This AI Is the Breakthrough Space Exploration Has Been Waiting For

Wednesday, 15 November 2017 - 11:33AM
Artificial Intelligence
Wednesday, 15 November 2017 - 11:33AM
This AI Is the Breakthrough Space Exploration Has Been Waiting For
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Image credit: YouTube
Space is so vast, how can we ever explore all of it? We may finally have an answer—artificial intelligence. 

The biggest problem with observing the universe through a giant telescope is that everything you see is absolutely awesome.

Too awesome, in fact—with so much amazing stuff going on, it's hard to sift through thousands of photographs and data points to find exactly what you're looking for.

Or, in the words of astronomer Carlo Enrico Petrillo:

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"Looking at images of galaxies is the most romantic part of our job. The problem is staying focused."
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In order to fix this problem, Petrillo has developed a new robotic partner; an AI program that studies and analyses photos of the universe a lot faster than a human being ever could.

Petrillo's team are looking for a very specific space anomaly called a gravitational lens. This occurs when a particularly heavy object, like a black hole or even an entire galaxy, eclipses our view of stars that are further away.

This might sound like an annoyance, but with such a heavy object between us and the stars, the weight of these celestial bodies causes light to warp, trapping it in orbit, and preserving a snapshot of what the universe looked like long, long ago.

The problem with finding these things is that they're very rare, and often lost among piles and piles of data.

Thankfully, if there's one job that AIs excel at, it's single-mindedly scanning through data to find specific pieces of information.

Similar AI programs have used deep learning techniques for a wide variety of practical uses, from learning to play board games better than any human, to far more relevant and important jobs like accurately predicting whether or not a hospital patient is developing cancer.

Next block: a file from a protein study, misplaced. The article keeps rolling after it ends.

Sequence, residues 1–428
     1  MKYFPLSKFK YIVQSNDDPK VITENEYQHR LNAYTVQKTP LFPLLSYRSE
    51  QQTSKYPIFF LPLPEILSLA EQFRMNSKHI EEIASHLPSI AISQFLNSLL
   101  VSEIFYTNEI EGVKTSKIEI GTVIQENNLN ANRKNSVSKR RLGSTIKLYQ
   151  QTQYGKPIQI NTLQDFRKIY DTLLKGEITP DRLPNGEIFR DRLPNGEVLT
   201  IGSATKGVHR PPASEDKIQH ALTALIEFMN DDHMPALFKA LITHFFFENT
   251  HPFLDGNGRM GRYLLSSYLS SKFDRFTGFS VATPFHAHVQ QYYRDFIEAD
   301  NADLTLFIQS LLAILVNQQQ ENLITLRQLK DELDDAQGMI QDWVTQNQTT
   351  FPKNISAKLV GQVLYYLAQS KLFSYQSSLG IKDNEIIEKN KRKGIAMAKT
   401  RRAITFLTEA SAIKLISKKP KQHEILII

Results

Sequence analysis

These AI programs look at thousands of images or videos, spotting trends and commonalities between these data sources that have been proven to show what they're looking for, in order to help them learn how to accurately recognize what's going on in any new photo. When playing AlphaGo, an AI will be able to spot a game strategy from an opponent thanks to its memory bank of previously observed games, while when dealing with potentially malignant tumors, the AI can recognize key signs that indicate whether or not a lump is going to turn cancerous in the near future.

This same technique is now being used to hunt gravitational lenses. The AI has been shown all existing pictures of lenses throughout the universe, and therefore has a base point from which to try and identify more, wherever they might be. Because the AI can't be distracted from its task, it doesn't matter how many other cool stuff shows up while it's sorting through data, and as such, it's helping to speed up the process of spotting gravitational lenses.

Of course, it's worth pointing out that this technology is still far from perfect. Recently, a benevolent hacking group proved just how easy it is to confuse image identification software, making it assume that it's looking at a gun instead of a turtle. Nobody's going to be hacking this stargazing AI any time soon, but it's still possible that should a gravitational lens demonstrate an unusual appearance, the AI won't be able to recognize it. This is to say nothing of all the other interesting stuff that the AI is breezing past in its narrow quest to find lenses.

The AI does provide a quick and easy way to scan the skies to find a series of difficult to spot anomalies, and that's fantastic. For the moment, though, there's still an awful lot of cool stuff out there that requires a human eye to appreciate just how awesome the universe really is.
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